Titel: Ion Correlations at Electrified Soft Matter Interfaces
Autoren/Herausgeber: Nouamane Laanait
Aus der Reihe: Springer Theses
Ausgabe: Softcover reprint of the original 1st ed. 2013
Format: 23,5 x 15,5 cm
Gewicht: 207 g
Current Affiliation: Chemical Sciences and Engineering Division, Argonne National Laboratory 9700 South Cass Avenue, Bldg. 200 Argonne, IL 60439-4831 Nouamane Laanait received his Ph.D. in Physics from the University of Illinois at Chicago, USA. He was twice awarded with the University of Illinois’ University Fellowship, and has twice received the GAANN Fellowship.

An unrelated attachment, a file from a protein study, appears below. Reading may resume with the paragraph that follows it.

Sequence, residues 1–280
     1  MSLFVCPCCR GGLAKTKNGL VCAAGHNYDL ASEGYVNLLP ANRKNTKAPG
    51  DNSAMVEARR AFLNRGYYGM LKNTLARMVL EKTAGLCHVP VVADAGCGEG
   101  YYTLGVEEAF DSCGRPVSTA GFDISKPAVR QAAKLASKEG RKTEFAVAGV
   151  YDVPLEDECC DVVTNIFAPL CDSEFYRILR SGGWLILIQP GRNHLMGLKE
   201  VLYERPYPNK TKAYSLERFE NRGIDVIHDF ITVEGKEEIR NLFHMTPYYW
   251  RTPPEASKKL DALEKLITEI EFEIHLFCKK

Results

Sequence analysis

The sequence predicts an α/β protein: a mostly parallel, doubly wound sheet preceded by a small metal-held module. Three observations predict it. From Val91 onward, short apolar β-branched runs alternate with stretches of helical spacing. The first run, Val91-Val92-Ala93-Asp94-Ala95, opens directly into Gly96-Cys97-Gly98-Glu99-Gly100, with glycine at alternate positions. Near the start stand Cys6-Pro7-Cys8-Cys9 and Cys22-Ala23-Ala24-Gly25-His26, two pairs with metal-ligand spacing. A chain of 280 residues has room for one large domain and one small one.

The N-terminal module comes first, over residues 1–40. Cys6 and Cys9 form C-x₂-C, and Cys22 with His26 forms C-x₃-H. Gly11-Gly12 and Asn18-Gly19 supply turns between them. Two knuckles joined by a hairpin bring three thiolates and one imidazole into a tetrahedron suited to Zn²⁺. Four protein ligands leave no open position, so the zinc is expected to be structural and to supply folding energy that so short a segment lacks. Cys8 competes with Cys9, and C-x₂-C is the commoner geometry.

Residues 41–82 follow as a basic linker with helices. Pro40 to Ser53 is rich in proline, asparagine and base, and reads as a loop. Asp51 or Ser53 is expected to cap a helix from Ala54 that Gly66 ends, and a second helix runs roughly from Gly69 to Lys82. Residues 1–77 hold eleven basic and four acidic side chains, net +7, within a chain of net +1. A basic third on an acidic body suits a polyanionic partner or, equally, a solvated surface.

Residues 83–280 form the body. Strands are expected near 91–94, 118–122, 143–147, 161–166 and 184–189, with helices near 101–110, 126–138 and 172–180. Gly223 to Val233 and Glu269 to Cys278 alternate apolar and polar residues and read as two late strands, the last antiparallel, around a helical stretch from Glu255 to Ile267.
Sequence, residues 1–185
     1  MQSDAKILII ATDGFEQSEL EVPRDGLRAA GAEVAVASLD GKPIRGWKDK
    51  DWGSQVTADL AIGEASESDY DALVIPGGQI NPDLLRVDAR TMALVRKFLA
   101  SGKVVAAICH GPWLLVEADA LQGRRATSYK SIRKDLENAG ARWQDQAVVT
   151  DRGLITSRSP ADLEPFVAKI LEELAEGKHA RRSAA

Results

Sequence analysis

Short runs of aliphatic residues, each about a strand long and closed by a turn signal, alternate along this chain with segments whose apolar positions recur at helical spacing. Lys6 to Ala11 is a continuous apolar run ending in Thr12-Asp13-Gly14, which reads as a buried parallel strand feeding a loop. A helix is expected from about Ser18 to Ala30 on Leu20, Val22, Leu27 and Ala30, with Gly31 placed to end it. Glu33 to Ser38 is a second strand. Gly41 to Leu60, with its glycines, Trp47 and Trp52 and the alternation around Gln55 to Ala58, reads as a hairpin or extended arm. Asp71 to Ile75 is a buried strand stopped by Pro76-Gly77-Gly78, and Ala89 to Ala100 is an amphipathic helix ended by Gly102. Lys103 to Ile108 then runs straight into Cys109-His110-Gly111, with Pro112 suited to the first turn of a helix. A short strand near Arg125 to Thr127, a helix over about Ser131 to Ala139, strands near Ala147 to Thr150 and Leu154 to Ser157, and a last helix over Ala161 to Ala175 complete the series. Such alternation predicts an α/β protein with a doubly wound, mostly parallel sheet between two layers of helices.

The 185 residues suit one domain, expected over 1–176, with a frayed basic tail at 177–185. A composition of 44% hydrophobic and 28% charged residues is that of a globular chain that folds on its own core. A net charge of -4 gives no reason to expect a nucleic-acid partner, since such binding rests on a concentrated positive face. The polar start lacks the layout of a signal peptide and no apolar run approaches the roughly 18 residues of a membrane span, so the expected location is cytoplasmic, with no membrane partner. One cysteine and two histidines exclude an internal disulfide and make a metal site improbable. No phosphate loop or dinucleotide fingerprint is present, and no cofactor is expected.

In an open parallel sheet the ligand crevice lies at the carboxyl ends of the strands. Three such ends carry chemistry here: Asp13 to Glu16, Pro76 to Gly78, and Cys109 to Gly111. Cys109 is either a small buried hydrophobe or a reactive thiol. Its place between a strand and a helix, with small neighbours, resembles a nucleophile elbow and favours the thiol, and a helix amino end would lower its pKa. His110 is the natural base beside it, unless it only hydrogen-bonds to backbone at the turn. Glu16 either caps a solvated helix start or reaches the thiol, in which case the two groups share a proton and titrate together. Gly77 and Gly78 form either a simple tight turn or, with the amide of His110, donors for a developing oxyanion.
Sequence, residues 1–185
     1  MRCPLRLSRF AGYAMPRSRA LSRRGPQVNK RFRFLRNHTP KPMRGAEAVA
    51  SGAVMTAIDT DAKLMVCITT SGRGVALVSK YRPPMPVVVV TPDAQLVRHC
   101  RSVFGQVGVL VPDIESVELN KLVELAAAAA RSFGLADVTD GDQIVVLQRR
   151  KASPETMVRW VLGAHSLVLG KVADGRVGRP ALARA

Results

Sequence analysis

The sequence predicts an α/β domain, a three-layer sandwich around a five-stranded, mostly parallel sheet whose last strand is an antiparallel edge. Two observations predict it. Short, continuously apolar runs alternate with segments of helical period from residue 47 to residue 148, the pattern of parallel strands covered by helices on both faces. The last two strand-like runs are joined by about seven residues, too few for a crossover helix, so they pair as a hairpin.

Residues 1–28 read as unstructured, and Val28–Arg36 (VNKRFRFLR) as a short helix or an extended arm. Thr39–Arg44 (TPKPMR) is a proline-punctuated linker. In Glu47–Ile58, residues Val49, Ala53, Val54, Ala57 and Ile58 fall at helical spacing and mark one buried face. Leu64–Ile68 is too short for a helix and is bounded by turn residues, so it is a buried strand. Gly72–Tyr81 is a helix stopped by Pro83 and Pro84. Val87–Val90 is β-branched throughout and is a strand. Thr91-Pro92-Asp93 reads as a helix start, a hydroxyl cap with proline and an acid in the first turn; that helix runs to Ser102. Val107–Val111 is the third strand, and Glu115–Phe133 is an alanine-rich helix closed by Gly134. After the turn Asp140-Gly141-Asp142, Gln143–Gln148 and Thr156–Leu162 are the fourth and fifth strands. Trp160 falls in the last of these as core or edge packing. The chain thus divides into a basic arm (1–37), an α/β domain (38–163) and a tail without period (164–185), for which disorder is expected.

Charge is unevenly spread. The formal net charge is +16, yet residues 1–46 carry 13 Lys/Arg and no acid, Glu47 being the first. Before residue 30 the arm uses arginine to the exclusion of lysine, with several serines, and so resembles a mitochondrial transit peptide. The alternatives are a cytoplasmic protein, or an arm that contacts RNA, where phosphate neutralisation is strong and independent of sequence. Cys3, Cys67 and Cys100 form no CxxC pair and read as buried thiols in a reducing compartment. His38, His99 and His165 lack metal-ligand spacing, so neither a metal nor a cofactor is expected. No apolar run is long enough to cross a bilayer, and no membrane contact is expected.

Ion Correlations at Electrified Soft Matter Interfaces presents an investigation that combines experiments, theory, and computer simulations to demonstrate that the interdependency between ion correlations and other ion interactions in solution can explain the distribution of ions near an electrified liquid/liquid interface. The properties of this interface are exploited to vary the coupling strength of ion-ion correlations from weak to strong while monitoring their influence on ion distributions at the nanometer scale with X-ray reflectivity and on the macroscopic scale with interfacial tension measurements.This thesis demonstrates that a parameter-free density functional theory that includes ion-ion correlations and ion-solvent interactions is in agreement with the data over the entire range of experimentally tunable correlation coupling strengths. The reported findings represent a significant advance towards understanding the nature and role of ion correlations in charged soft-matter.Ion distributions underlie many scientific phenomena and technological applications, including electrostatic interactions between charged biomolecules and the efficiency of energy storage devices. These distributions are determined by interactions dictated by the chemical properties of the ions and their environment, as well as the long-range nature of the electrostatic force. The presence of strong correlations between ions is responsible for counterintuitive effects such as like-charge attraction.